This high school English class from Vero Beach, Florida provides some great examples of how Bitstrips for Schools can be used to teach sophisticated concepts to advanced students.
Tell us about your students’ reactions to Bitstrips for Schools.
They were really excited to do something totally different as an assessment. We do a lot of analytical writing, so it was a nice change of pace.
Your students have made tons of Bitstrips! What kind of things have they been about?
There were two separate assignments. One was during our Persepolis unit. Persepolis is a graphic novel memoir, and I wanted the students to internalize visual syntax and semantics by seeing how hard it is to create tone with images. They were asked to create an autobiographical strip. The other assignment was during a Jane Austen unit in which students were asked to depict a scene from the book.
What advice do you have for other high school teachers who are thinking about using Bitstrips for Schools?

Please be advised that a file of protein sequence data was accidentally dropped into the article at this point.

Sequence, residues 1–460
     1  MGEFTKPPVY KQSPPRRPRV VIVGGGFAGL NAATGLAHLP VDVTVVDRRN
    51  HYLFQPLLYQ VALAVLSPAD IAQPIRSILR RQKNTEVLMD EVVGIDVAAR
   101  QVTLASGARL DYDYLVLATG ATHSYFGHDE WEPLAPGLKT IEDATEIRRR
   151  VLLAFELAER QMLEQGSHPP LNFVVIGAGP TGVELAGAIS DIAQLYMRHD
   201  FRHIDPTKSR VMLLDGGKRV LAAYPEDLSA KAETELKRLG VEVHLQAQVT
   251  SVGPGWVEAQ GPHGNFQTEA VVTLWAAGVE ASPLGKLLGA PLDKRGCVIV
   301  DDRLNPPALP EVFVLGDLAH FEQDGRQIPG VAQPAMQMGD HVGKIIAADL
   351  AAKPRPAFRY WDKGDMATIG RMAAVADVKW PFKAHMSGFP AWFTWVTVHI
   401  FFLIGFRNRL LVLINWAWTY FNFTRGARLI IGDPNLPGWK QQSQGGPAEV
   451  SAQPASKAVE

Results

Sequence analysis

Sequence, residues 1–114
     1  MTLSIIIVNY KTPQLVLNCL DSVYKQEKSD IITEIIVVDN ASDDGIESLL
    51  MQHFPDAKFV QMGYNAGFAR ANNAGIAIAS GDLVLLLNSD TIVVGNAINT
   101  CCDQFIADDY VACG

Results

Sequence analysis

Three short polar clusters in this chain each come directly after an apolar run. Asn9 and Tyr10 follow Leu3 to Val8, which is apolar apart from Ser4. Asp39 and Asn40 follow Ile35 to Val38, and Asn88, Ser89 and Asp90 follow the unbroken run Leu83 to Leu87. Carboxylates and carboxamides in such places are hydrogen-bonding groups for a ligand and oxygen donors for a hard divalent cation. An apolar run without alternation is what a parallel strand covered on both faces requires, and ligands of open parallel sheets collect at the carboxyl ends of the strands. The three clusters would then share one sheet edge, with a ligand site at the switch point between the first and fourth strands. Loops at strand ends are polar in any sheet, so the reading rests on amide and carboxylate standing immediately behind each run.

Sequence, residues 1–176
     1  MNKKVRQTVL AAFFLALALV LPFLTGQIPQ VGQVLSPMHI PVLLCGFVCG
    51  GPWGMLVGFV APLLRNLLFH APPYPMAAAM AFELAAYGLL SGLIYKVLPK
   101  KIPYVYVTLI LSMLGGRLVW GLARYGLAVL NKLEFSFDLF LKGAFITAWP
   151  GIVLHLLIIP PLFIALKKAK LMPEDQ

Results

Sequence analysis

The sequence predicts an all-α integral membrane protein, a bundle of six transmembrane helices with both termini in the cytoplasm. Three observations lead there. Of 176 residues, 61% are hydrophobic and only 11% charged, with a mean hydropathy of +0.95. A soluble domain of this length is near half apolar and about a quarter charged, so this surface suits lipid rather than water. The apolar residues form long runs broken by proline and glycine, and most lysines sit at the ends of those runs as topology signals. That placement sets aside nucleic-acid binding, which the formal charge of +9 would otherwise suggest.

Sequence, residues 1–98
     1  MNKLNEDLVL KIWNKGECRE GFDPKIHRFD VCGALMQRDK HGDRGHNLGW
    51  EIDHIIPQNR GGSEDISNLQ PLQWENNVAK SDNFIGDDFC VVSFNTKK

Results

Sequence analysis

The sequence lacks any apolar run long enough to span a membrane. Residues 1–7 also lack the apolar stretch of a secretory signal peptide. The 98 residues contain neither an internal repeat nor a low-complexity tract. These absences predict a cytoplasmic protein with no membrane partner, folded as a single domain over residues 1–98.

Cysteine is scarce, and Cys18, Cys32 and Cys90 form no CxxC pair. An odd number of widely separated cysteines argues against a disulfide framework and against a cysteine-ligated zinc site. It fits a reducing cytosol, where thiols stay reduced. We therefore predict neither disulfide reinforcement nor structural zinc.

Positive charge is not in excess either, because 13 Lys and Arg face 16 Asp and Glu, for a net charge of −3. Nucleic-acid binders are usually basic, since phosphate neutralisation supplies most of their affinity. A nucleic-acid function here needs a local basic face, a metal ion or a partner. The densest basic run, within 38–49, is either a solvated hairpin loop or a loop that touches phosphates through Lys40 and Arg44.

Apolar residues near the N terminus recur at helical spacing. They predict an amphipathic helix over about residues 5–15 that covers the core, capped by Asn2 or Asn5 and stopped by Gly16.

Think about their avatars. I didn’t specify that my students look like themselves in the virtual classroom, and I was very surprised at the very creative ways they expressed themselves as avatars. Learn the software so that your expectations are reasonable. I did a strip myself as an example for my students.
Did you learn anything new about your students through their comics?
I learned LOTS about my students in the autobiographical assignment. We had some very interesting class discussions based on some of what we learned.
How has Bitstrips for Schools helped you teach?
The Language Curriculum now incorporates visual literacy. I can’t think of a better tool for exploring that.
What advice do you have for other teachers on getting the most out of Bitstrips for Schools?
Be clear in your expectations. Students seem to be more comfortable with stricter guidelines: number of frames, content, etc…
You’ve sent us some examples of your students’ work. What can you tell us about these strips and the students who made them?
It’s really tough to choose which ones to share! Our unit about the book Persepolis generated some very interesting discussions about identity. One of my students Linh did a strip about the struggle with identity he went through as an American boy growing up in his Vietnamese household.
The Jane Austen assignment generated some interesting versions of scenes in the book. Eric W’s strip was simple, but it conveyed quite a lot about the characters.
Anything else you’d like to say?
Thanks for a great website!